What you need to know about the general election

04 May 2017


On 8 June, it will be the UK’s turn to decide who should be in government once again.

A snap general election means there can be less time for your business to prepare, but don’t panic! Based on information available so far, here’s a quick summary of what recruiters need to know.

Election timetable

This week, on 3 May, Parliament rose, which means the official election campaigning is underway. It may feel like it had started already but believe me, you ain’t seen nothing yet.

Over the long weekend, Labour released its 20-point plan for workers and on 8 May, the Conservatives will publish their manifesto pledges. We will be monitoring each set of manifesto pledges from the main political parties – we will respond and keep members informed via this blog series.

During this campaign period, known as purdah, we will hear less from the civil servants on day to day things like the Apprenticeship Levy, IR35 changes and the Matthew Taylor Review into Modern Employment Practices – but that does not mean to say there is any change in policy yet. Anything announced prior to the general election stays in place. If a new government decides to change policy once they are elected, we will, of course, let you know.

Advising your customers (internal and external!)

To inform and lead the political debate, we will shortly be publishing an update to our 2015 Manifesto for Jobs.

We will include recommendations for the Taylor Review, a new industrial and skills strategy and the Brexit negotiations. Once available, we will need your help to disseminate our recommendations.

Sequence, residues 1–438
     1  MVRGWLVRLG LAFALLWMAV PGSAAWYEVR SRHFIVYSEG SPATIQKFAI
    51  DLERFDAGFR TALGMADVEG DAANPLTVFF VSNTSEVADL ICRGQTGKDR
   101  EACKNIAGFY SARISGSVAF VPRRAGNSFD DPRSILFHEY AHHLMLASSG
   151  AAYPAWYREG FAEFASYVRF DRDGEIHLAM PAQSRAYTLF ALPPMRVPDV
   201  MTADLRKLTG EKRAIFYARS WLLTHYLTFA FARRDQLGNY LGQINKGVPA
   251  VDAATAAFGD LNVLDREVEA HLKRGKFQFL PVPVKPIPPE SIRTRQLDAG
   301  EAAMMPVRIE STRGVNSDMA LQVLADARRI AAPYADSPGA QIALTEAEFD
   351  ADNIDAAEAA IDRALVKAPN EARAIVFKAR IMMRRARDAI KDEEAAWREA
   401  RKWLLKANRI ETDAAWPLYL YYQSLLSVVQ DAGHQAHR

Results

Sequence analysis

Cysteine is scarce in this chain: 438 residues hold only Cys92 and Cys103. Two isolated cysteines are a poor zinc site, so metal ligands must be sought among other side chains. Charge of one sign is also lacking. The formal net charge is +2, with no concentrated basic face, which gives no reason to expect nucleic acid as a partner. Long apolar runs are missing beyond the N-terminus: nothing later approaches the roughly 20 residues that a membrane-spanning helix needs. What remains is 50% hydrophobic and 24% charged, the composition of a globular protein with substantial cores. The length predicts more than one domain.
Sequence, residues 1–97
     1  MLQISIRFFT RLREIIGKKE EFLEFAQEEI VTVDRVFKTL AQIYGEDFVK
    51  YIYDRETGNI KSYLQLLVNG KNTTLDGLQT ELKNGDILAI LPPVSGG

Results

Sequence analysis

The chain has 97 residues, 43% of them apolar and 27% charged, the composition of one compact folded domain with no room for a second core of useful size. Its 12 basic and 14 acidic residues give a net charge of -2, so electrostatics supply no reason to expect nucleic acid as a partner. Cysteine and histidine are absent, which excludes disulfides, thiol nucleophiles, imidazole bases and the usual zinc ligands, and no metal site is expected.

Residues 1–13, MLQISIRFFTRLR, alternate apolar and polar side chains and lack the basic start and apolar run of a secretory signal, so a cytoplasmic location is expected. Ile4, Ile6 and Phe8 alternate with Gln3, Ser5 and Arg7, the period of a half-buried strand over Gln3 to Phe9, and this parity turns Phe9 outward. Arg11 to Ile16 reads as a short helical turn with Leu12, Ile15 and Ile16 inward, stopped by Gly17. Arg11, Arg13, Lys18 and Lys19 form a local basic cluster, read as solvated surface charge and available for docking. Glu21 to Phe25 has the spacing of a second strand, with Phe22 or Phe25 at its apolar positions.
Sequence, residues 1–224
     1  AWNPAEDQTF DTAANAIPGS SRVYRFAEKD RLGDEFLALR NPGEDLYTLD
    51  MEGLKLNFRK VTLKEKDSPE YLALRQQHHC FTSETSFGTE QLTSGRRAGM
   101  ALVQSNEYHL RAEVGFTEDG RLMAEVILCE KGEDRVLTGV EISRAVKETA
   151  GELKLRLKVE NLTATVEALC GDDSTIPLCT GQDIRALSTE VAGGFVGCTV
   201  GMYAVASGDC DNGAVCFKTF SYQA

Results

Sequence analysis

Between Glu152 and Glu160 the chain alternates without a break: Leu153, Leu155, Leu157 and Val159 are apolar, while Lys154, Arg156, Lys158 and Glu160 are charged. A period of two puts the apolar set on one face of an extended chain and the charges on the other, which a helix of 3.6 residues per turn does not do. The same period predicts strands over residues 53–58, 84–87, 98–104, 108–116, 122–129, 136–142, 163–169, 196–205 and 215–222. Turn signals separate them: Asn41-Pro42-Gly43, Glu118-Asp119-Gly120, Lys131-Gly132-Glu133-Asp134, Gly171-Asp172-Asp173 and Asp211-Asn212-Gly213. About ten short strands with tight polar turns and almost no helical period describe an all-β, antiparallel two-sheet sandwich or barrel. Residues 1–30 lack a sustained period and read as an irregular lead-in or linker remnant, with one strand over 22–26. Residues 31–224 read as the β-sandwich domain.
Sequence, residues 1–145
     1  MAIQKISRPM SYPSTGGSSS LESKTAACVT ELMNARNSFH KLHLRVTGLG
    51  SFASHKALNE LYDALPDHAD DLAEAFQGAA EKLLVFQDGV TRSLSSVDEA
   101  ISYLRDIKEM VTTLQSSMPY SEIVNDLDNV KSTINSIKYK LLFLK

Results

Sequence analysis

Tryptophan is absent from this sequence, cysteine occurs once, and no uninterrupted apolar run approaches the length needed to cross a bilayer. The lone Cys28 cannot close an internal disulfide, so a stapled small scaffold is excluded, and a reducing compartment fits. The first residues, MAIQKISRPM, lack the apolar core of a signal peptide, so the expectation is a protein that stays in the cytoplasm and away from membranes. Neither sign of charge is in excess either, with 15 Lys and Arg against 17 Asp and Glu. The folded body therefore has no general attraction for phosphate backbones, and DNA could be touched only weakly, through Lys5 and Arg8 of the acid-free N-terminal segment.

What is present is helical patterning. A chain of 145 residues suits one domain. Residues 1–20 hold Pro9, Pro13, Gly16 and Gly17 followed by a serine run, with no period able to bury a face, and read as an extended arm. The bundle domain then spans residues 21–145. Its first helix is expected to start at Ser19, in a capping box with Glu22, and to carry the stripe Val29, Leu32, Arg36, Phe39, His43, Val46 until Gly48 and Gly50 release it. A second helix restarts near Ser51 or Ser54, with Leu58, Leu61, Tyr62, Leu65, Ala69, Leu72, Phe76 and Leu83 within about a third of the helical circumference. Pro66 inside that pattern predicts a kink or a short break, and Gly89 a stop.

But ahead of that, we also want your ideas:

What do you think should be the next government’s priorities to build the best jobs market in the world?  How can we ensure policymakers see the value recruitment brings to the economy and to people every day?

Let us know at policy@rec.uk.com.

It is also worth thinking about if you have consistent advice for your staff on how they talk about the general election to clients, candidates and via social media. Now is the time to get a policy if you don’t have one already! You can also double check if your business may be subject to the Electoral Commission rules on general elections by looking at their website.

Finally, what about you?

Last but not least, it’s time to check on your own voting status. If you haven’t registered to vote, maybe because you moved house recently or have never voted before, there’s time – you have until 22 May. You may also want to register for a postal vote if you are away on 8 June.

Watch this space for more information – we will publish further blogs on the general election and what it means for recruiters over the next few weeks.

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